Chinese 7.92mauser Jiangnan manufacturing general office (shen(申))

Manufacturing and jiangnan manufacturing general renamed a month before October, the first year of the republic of China.
If there are any mistakes, please correct them in time. Thank you


What is the year as per the western calendar?

In October 1910.

in oct 1910

The Chinese used the German designation 7.9 mm for this cartridge, not the very popular but in this context incorrect 7.92 mm, which is of post-WW1 Czechoslovak origin.
I recommend to avoid using “Mauser” in connection with this cartridge, because it was developed by German (Prussian, to be exact) state arsenals. Mauser had no role in its creation.

UFO, thank you for clarifying the date as I was not sure anymore when which calendar system was used.

Chinese dating ( year of the Republic) began with Year One being 1912 ( 1911 CE plus 1)
Hence Year 1 rifles ( 6.8mm) and year 4 rifles 1915, 7.9mm, Both Mauser Designed Rifles.
Before 1911 revolution, the dating system was either Gregorian, ( for
“modern” usage), or the ancient Imperial Dynastic system, ( Year X of Emperor Y.).


I’m sorry, I wrote the wrong year, it was 10 made in 1912, 一 represents one, the first year of the republic of China,10 represents October, and 申 represents the production enterprise.
Previously, China used the emperor’s calendar, which refers to the year and month when the emperor ascended the throne.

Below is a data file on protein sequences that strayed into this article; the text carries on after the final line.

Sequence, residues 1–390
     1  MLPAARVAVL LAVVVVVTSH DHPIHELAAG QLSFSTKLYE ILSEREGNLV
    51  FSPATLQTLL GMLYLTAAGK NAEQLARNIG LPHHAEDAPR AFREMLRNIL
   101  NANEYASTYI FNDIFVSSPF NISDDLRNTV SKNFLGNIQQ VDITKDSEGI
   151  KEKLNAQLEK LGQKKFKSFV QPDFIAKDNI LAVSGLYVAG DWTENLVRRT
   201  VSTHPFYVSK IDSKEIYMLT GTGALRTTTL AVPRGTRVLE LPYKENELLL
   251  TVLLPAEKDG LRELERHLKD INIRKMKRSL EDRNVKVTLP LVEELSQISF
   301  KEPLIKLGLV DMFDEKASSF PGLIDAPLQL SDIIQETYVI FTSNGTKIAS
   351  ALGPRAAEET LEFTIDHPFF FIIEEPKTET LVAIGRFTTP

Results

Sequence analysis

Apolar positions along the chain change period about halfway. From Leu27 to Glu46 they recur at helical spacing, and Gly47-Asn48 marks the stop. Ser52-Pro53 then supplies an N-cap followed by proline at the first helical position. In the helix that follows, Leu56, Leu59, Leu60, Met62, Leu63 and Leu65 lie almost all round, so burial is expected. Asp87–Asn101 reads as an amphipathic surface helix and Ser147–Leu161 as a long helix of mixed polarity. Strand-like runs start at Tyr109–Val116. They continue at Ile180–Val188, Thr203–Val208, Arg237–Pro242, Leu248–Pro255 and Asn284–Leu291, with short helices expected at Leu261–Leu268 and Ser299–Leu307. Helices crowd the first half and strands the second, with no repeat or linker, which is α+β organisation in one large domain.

I don’t quite understand how to name this ammo because the Chinese remember 7.9mm for the type of gun, but the Chinese use a replica or German made commission M1888.

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So “10” = 1912 ?

The Gewehr 88, as it was called in Germany, was the first in caliber 7.9 mm, or, to quote from its field manual: “…das Kaliber - beträgt 7,9 mm.”
This designation was kept through the change from round-nosed to spitzer ammunition (Patrone S in 1903/1905), because, contrary to wide-spread opinion, the barrel bore diameter was not changed. The 7.9 mm caliber designation remained the same until the end 1945. Because the caliber was not part of either weapon type or ammunition type designation, the number 7.9 shows up rarely. But it is documented in (most) weapon manuals through 1945.

Edit: On this forum, Chinese headstamps with either 79 in Chinese script (transliterated by Phil Buttler) or “7.9” in western figures (case from 1952) have been shown.


No, she is saying the number “1” stands for one year after the revolution in 1911, so = 1912 and the number “10” is 10th month October.


Joe, tanks! So at least I got the 1912 corret.